• Michael Richards

      LOL Yeah, my hit now. Don’t bogart that doob 🙂

  • Abbey Road Album, George Harrison is the gravedigger, Paul McCartney is dead and barefooted, Ringo Starr is the Baptist Minister and John Lennon is the Angel of Light taking Paul McCartney to Heaven this all spat by DJ from New Jersey…burst the sales from Beatles Fans Believing that Paul McCartney is DEAD…John Lennon stated on the News ABC, CBS, NBC that Paul McCartney is alive and not dead.

  • During the Abbey Road Album, Paul McCartney had just gotten Married to Linda Eastman, he discovered Bad Finger and
    Mary Hopkins…he was writing both Bad Finger and Mary Hopkins music for them to sing…Bad Finger was for movie Magic Christian with Ringo Starr and for Mary Hopkins Hello and Goodbye…

  • SuperTroll

    I don’t see how anyone can claim John dominated side one. Come Together was pretty big in its day, but now sounds rather stilted. And I Want You was never a great song. John wanted it to be a great song, but it was a flat boring simple song that went nowhere for far too long. On the other hand, John had several solid songs on Side 2 including Sun King, Because, and Mean Mr. Mustard/Polythene Pam which I like a lot.

    • Mark Kuklis

      Come Together and I Want You are great, edgy, exciting songs to me, still. Never was crazy about Sun King and Because. Always thought they were kind of boring, but to each his own. My favorite Beatles album though.

      • SuperTroll

        I know what you’re talking about. Back when the album first came out I didn’t like Sun King and Because. I’m still not a big fan of Because but I like Sun King a lot, at least the part that says “Here comes the Sun King”. I never thought about it until 40 years later, but I think John wrote that in reaction to “Here Comes The Sun” by George. Think about it. That is a great song, and I think John was a little jealous. So he took the line and did it one better: “Here comes the Sun King” because, after all, he was always kind of the king of the Beatles. He started the group and at one time was the lead singer before Paul joined. In an interview he once said, “If the Beatles are a democracy then we are all equal. But if there is a leader in the Beatles it’s me.” He was right about that.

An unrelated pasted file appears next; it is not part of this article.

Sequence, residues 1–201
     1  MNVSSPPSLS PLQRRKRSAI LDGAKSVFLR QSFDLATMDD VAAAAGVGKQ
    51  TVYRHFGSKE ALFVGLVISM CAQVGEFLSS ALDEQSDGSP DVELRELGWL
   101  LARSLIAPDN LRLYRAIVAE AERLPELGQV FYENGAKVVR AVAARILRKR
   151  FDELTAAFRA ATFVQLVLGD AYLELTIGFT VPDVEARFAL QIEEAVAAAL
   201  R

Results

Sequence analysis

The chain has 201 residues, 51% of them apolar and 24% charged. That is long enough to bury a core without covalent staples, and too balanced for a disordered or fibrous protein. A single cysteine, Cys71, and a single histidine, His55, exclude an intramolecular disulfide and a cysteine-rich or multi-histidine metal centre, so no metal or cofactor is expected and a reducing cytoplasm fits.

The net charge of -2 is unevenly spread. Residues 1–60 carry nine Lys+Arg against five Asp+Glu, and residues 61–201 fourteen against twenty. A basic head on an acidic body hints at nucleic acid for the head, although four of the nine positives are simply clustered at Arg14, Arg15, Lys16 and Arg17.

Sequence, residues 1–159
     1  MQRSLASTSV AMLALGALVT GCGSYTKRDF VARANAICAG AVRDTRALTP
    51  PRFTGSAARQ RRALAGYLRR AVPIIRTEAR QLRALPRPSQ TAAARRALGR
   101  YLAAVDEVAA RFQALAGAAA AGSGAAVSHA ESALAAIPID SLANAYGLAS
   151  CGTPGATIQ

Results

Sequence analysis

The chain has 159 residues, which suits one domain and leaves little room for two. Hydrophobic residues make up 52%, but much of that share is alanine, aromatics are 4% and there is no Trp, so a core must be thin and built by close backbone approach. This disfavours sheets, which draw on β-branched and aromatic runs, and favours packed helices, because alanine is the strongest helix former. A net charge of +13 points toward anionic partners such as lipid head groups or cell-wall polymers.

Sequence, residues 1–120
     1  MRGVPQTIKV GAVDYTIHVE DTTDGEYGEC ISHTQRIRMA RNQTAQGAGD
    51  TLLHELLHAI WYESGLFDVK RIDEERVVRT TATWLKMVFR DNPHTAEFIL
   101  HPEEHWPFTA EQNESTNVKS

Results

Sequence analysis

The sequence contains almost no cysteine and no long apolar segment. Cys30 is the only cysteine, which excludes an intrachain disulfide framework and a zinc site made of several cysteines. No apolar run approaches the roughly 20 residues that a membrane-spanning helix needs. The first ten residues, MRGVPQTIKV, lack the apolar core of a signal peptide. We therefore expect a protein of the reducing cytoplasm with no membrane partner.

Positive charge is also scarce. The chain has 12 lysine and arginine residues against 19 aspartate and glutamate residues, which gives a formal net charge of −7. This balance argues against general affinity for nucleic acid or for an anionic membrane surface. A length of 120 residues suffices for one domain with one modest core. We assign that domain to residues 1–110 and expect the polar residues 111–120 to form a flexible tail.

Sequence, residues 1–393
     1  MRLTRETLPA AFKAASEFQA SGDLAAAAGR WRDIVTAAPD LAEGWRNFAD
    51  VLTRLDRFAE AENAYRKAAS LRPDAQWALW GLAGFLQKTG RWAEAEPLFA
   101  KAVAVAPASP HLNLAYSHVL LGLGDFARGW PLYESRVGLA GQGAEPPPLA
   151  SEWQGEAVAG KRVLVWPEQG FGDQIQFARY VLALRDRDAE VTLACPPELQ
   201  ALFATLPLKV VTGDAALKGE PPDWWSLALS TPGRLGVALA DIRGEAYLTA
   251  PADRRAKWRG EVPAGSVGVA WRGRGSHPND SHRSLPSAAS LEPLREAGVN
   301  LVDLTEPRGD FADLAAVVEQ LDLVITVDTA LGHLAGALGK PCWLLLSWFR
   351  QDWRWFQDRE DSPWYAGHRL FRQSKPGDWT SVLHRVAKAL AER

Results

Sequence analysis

• Curt B

          “IF there is a leader…”

          Within months after John allowed Paul to join his group, the two of them made all the decisions together. John was a nominal leader due to being in the group 1st and being the older of the 3. Paul respected his elder, but he had an equal voice with John by the time they got serious about being a real band. Also paul brought in the 3rd core member, his friend George!

          AND Paul taught John to play the guitar properly, as John’s mother taught him to play banjo style!

  • BellBino

    Come Together is as much a “Paul song” as a “John song.” Paul is the one who made changes in the studio that made the song what it is — his bass line IS the song, and he suggested they slow it down and give it that “swampy” sound.

    Ram is a brilliant album, every bit as brilliant as Abbey Road.

    • Mark O’Realius

      I agree about Ram. Anyone who can’t appreciate that album, is someone I don’t want to know.

      • Mark Kuklis

        Ram is a brilliant album. Probably Paul’s best solo album.

        • Mark O’Realius

          Agree. Although Jet…is one of my solo Macca favourite cuts. Lots of good material on Band on the Run too. But Ram…that is an unbelievable 60 minutes of music.

      • SuperTroll